Lately, I have been fascinated with the Internet of Things. More specifically, I’m fascinated with the idea of interfaces between the digital and physical worlds. A goal for this year is to build more things, and I purposefully defined ‘build’ broadly to mean digital, physical, or a mixture of both.
The Dash Button
When I first heard of Amazon’s Dash Buttons almost two years ago, I thought they were pretty darn cool. Use case: leave a Tide dash button near your washing machine, and press it when you’re almost out of detergent to automatically add more to your Amazon cart.
The IoT Button
Later I heard they released an IoT Button. Now this caught my attention. Imagine a physical button that you can program to do anything you want! I shelved the idea in the back of my mind, until January 22, 2017 when I finally placed my order for one on Amazon.
By the time I received it on February 4, I was ready to rock!
The InstaFan Project
My friend AK takes great photos on Instagram and is well on her way to building a sizable following. I decided that my new IoT button would be put to excellent use by becoming one of her biggest fans. Clicking the button would result in a Like, a Comment, or both to her latest Instagram post from a profile that I set up for the job.
Yes, this is a little creepy. Luckily, she has a wonderful sense of humor and has been a great sport about all of this. (Thanks AK!)
Setting Up the Button
Amazon makes getting started with the IoT button really easy. I followed their setup process to securely pair the physical button with my Amazon AWS account and my home’s WiFi.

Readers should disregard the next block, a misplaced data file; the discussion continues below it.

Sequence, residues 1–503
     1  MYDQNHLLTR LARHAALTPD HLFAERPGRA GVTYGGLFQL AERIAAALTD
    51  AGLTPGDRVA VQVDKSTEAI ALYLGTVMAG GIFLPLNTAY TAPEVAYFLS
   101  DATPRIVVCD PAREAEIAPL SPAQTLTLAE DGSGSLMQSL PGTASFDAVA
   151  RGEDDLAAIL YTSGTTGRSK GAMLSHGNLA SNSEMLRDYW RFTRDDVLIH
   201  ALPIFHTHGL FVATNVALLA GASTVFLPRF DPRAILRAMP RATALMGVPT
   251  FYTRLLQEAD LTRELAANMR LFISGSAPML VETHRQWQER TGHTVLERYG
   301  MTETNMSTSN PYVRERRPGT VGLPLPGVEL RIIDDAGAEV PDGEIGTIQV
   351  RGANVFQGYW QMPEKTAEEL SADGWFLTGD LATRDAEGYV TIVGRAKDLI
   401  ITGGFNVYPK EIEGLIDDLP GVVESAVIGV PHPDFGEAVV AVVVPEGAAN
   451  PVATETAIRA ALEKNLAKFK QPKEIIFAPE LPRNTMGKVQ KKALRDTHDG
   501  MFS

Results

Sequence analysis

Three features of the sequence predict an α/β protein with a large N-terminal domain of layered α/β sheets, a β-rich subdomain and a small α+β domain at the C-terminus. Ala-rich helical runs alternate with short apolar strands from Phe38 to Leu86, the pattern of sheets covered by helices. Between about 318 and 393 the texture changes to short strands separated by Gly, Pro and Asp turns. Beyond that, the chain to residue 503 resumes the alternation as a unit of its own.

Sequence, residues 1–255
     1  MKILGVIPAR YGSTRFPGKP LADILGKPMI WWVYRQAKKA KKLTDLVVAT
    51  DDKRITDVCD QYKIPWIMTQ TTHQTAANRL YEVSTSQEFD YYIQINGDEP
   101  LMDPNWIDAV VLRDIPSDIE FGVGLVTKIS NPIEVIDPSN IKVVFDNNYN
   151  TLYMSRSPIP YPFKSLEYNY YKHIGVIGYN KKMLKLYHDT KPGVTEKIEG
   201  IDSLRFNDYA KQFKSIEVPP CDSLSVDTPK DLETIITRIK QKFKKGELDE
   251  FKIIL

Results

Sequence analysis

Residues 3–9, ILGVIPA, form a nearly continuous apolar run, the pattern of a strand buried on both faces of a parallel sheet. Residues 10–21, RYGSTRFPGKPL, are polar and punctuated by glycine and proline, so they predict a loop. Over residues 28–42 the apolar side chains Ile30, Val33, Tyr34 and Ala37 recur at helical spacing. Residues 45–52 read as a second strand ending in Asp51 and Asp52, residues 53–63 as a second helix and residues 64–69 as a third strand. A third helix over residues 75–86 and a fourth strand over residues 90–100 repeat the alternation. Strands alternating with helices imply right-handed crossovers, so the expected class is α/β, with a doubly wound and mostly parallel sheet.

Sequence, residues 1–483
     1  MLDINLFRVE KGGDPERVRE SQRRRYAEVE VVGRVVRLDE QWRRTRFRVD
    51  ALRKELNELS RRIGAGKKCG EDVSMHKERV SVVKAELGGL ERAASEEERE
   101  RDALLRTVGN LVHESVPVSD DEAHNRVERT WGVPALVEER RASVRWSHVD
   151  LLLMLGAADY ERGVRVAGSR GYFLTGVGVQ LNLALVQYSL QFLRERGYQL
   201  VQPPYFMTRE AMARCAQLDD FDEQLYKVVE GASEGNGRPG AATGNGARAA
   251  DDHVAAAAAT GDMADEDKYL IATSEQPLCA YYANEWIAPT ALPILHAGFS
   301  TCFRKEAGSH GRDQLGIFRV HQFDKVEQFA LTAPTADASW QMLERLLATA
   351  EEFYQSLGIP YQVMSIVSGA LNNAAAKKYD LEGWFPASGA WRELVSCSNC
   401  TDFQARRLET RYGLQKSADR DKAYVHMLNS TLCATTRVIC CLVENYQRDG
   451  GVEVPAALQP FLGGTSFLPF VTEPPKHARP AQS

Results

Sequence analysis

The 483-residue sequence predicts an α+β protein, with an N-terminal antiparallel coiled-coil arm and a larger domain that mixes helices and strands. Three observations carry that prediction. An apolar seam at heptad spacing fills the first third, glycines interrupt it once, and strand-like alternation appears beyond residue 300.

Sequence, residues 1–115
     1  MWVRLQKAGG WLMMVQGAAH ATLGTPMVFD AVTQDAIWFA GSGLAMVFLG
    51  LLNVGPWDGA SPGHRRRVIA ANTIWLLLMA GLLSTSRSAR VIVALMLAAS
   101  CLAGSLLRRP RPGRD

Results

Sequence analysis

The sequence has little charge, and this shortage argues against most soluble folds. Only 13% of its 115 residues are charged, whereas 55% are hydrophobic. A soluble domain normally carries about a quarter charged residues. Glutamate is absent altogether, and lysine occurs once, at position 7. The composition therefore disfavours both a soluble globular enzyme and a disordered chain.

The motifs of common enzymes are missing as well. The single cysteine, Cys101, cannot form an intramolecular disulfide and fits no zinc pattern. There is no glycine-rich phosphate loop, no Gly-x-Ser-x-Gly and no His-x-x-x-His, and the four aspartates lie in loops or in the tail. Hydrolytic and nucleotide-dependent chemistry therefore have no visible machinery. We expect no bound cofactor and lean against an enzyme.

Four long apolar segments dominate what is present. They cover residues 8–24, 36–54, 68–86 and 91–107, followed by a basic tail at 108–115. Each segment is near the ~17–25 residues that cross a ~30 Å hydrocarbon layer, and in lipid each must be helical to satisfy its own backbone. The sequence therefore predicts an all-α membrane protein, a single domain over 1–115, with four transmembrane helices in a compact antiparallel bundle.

There are few options for configuring what service to engage when clicking the button. I chose Amazon Lambda, which allows code to execute “in the cloud” based on a button click, without the need for a server or other infrastructure. Lambda makes it easy to get started with Blueprints, pre-written code that can be used as a template.
It was good that I chose Node.js, because the only button blueprint available was written in Node.js. It’s called “iot-button-email”, and seemed like a great place to start.
Setting the Trigger
The rest of the setup process guided me through linking my button to the Lambda function that I created from the blueprint. The result was a trigger being setup from my button to the function.
It was really impressive how Amazon’s setup process basically did all the work for me.
My Button Does Something!
The blueprint contained a Node.js script that created an Amazon SNS (simple notification service) topic, subscribed an email address of my choosing to it, and published a message to it — all at the push of a button. The message ended up being sent to me as an email:
As you can imagine, I was beyond excited that I had just sent myself an email with the push of a physical button. Thankfully, there’s no video of that. These emails continued to be useful for development and testing, since they told me when the button was clicked, and whether it was Single, Double, or Long click (see the email subject line).
To Connect to the Gram
I decided to use this Instagram Package for Node.js, which would give me some examples to work with and all of the infrastructure to interact with the Instagram API. I created an Instagram developer account, and an app in their sandbox to obtain credentials.